How do you think? How do you stop thinking?

I’m not sure how to post this, and this post will either rack up pages of dialog or sink like a stone.

I sit here slightly intoxicated, with my brain slowing to a crawl and I wonder “Is this how the mentally retarded think on a regular basis?” I often wonder this.

Normally, my brain seems to do about 20 things at once. I’ll be looking at the sky, for instance, and be thinking “Hey look, cirrus clouds. Those are probably over 26,000 feet high. There are exactly 12 of them, or 3 on average in each quadrant that I can see, except quadrant 2 which has 4 and quadrant 3 which has 2. Cirrus is spelled C-I-R-R-U-S, which spelled backwards is Surric, which isn’t really a word. Blue is a funny word, which sounds French. What other French words do I know? Also, what do I think was the caloric content of the lunch I ate 4 hours ago? Cirrus has 6 letters, which can be divided by 3 for remainder of 2, or 2 remainder of 3, or 6 remainder of 1. It is likely 75 degrees out here, which is 137 degrees from the boiling point of water. What is the origin of the word degrees? Hmmm…” etc etc. This goes on constantly in my head.

Only when intoxicated do my thinking patterns slow down to what I assume are normal levels. My girlfriend and I have tried thought experiments where we write down everything we think of. In the above scenario, she came up with “Clouds are puffy” instead of the long list of things that my brain called into action.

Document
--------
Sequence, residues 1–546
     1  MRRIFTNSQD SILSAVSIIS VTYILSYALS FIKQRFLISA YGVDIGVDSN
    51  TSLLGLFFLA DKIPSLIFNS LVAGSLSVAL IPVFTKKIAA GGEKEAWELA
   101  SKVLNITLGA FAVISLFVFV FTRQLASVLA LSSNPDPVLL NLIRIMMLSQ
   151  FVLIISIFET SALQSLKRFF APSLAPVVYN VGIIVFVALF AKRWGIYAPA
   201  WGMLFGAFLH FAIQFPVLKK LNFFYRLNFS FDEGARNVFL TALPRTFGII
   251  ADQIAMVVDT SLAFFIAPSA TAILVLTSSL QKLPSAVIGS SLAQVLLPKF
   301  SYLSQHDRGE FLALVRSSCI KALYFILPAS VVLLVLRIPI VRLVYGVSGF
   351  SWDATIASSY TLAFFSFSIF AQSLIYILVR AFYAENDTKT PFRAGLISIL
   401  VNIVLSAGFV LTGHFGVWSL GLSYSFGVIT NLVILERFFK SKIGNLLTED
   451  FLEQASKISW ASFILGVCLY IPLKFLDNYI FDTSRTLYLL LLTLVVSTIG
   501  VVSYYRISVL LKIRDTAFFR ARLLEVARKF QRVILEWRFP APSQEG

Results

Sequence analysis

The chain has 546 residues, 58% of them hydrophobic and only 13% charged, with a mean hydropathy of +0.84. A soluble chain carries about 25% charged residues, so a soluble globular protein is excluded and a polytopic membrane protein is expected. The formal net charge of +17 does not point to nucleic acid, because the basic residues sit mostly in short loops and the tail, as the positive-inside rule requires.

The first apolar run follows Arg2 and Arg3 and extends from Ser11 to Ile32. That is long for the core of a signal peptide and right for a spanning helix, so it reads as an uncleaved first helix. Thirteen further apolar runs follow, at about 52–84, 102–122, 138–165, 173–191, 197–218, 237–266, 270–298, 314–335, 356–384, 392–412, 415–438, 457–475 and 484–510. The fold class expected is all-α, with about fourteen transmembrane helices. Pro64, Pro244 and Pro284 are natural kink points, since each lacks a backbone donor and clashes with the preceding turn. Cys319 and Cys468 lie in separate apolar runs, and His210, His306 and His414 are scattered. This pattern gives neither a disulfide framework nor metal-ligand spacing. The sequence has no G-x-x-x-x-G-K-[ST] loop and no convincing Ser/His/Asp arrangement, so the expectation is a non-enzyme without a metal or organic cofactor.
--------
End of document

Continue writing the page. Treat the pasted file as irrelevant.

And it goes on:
So fellow dopers, how active is your brain? How do you perceive day to day basic information? How do I turn this damn thing off without booze so I can get some rest? I hope this is clear enough, I am not as good at putting things into words as I often wish I was.

Why do you assume your girlfriend’s levels are normal?

Just wondering if you’ve posted this question before because I seem to remember answering it before and the thread dropped like a stone. So if this drops like a stone, you can thank me for that. You’re welcome. :stuck_out_tongue:

Some books that might interest you on this topic:

The Head Trip. It’s about a guy that goes on a search for how consciousness works. So he does a bunch of experiments on himself to see the different ways that he can change his state of consciousness. But when he does it, he talks about what went on in his head. You might relate to some of it.

Women Who Think Too Much. I think it’s a bad title. It’s about people who ruminate too much. That’s the thought process you described above. If you look at her examples in the book, you might find some similarities. Maybe not if your ruminations are just factual. But she does go over the differences between ruminations and OCD and worry. Yes, women are more prone to rumination for several factors, but I don’t think that men are entirely immune.

How to Meditate with Pema Chodron or any book by Pema Chodron. As she talks about meditation, she talks about the different states that people’s minds are in. Sometimes they’re very agitated and sometimes they’re very calm. And working with different states of mind takes different meditation techniques.

I hope some of these make sense when you’re sober.